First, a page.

Posted on: March 23rd, 2018 by Jen Mueller

If you’re one of those people who think small talk is a waste of time, then I’m willing to bet you don’t have a good plan (or any plan) in place for dealing with those interactions.

If you don’t spend time strategizing your small talk, you can’t expect it to be productive.

Every business conversation you have should fall into one, if not all, of these categories:

  • relationship building
  • information gathering/sharing
  • rapport developing
Knowing the purpose for your conversation allows you to develop an effective conversation strategy and makes small talk useful. Click To Tweet

Relationships don’t just happen. Business transactions don’t occur just because you swapped business cards. You don’t trust someone that you’ve never talked to. Small talk is the mechanism that starts bigger conversations. Sports topics provide the perfect entry point into those small talk situations.

Before you raise your hand to object, allow me to say this – sports works even if you’re not a sports fan, and even if you don’t know if the person you’re talking to watches sports. Why? Because asking the question, “What did you think of the game last night?” or “Are you planning to watch the game this weekend?” cuts to the chase better than an awkward game of 20-questions.

The answer to those questions, regardless of what the answer is, gets you closer to building a business relationship, gathering or sharing information and developing rapport. And that’s why small talk is an important part of business communication.

I’ve got plenty of resources that help make sports talk useful in business and a list of Sports Conversation Starters that gets published every Monday. It’s your cheat sheet to what sports fans are talking about and gives you a handful of topics that can be used in small talk at work. Sign up to become sports savvy by 7am every Monday.

Jen Mueller, veteran sports broadcaster and rock star key note presenter is the author of The Influential Conversationalist. She specializes in conversation strategies that develop leadership potential improve business communication. Hire Jen to speak at your next event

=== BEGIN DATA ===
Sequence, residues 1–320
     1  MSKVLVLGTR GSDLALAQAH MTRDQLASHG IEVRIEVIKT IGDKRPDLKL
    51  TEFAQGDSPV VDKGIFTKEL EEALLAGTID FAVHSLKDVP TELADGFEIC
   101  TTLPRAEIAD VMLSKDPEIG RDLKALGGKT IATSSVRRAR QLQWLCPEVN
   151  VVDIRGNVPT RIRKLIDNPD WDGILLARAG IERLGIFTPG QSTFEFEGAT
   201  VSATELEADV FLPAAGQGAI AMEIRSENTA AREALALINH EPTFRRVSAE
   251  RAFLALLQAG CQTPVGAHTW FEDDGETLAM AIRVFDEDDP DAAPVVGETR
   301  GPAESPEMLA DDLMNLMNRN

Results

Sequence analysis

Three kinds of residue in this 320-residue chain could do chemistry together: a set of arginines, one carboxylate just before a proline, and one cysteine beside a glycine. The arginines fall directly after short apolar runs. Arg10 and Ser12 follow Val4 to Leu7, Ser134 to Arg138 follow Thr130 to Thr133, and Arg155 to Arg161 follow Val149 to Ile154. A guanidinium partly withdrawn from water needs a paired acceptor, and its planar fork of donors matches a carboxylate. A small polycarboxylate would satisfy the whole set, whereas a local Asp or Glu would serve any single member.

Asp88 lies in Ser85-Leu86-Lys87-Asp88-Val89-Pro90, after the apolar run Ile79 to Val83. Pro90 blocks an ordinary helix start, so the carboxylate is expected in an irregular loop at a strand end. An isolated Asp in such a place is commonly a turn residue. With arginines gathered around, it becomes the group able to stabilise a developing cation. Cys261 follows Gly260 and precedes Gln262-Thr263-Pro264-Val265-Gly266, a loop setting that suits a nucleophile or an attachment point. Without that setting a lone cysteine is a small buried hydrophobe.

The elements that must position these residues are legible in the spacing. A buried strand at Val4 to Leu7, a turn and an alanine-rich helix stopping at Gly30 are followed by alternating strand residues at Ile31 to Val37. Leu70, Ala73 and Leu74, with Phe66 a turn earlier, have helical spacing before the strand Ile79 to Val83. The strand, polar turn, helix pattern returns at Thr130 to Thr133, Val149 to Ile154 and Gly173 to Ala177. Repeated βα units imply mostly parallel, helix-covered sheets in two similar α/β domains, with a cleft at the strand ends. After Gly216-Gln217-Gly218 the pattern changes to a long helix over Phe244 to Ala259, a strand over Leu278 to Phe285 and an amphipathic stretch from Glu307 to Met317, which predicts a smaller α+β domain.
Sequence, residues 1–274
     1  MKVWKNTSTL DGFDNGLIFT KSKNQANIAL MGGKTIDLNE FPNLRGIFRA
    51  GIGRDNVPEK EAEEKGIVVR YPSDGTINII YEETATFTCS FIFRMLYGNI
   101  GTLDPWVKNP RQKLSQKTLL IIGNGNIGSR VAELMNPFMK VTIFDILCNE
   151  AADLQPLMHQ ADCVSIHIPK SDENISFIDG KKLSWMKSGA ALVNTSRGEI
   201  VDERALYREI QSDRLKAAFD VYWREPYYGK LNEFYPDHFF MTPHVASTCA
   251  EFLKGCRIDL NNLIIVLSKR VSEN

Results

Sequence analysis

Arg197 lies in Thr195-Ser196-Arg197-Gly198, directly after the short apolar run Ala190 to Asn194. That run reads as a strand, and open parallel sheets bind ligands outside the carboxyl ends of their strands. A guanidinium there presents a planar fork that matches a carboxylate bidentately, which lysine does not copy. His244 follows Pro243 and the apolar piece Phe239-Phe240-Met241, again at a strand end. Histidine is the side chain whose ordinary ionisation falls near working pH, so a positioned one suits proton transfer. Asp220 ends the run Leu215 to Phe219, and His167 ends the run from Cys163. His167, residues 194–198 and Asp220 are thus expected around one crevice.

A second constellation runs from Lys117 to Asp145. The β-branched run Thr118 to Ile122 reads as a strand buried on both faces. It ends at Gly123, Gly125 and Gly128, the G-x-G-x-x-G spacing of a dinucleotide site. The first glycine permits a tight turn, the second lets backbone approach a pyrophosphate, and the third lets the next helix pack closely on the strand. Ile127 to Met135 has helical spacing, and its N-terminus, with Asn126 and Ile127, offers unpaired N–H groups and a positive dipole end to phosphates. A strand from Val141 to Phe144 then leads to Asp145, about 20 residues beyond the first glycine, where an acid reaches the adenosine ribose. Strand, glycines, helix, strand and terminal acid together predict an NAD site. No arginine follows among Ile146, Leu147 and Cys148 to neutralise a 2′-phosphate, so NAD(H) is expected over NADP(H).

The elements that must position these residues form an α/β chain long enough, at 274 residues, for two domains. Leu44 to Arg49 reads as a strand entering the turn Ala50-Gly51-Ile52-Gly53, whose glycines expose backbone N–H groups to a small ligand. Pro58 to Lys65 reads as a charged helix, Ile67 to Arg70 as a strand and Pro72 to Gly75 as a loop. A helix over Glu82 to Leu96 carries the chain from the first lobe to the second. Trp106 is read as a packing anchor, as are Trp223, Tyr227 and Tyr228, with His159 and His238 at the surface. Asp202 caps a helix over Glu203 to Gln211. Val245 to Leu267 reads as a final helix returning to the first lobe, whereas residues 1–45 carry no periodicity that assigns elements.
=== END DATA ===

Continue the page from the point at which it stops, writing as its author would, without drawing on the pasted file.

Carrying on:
Posted on: March 19th, 2018 by Jen Mueller

Happy Monday!

As I mentioned last week, I’m switching things up for a couple weeks. Instead of providing lists of sports topics, I’m giving you ways to make the weekly sports conversation starters more useful for you.

There’s a reason for each topic and the specific information provided each week. Take a look at how I pull together your weekly cheat sheet and what it means for your conversations.

If you haven’t already purchased the How to Talk Sporty at Work guide, it’s available right here. 

Also, I’m curious to hear your thoughts… after a couple weeks of videos what do you think? More videos? Less? Would you like your weekly ConvoStarters delivered in a different format?

I’d love to hear your thoughts and ideas:

Posted on: March 12th, 2018 by Jen Mueller

Happy Monday!

Welcome to a special edition of sports conversation starters. Usually, you’ll open this email to find a list of topics to use in small talk throughout the week.

For the next couple weeks I’m switching it up.

It’s one thing to know the topics making news (by the way, it’s the NCAA Tournament this week) and another to know how to build your sports knowledge base and use the info you gather to engage in conversations.

Here’s my advice, don’t worry about what you don’t know about sports, focus on using what you do know to your advantage – and watch the video 🙂

If you haven’t already purchased the How to Talk Sporty at Work guide, it’s available here.

So what do you think about the video? Do you prefer videos or the list of sports topics? I’d love to hear your thoughts:

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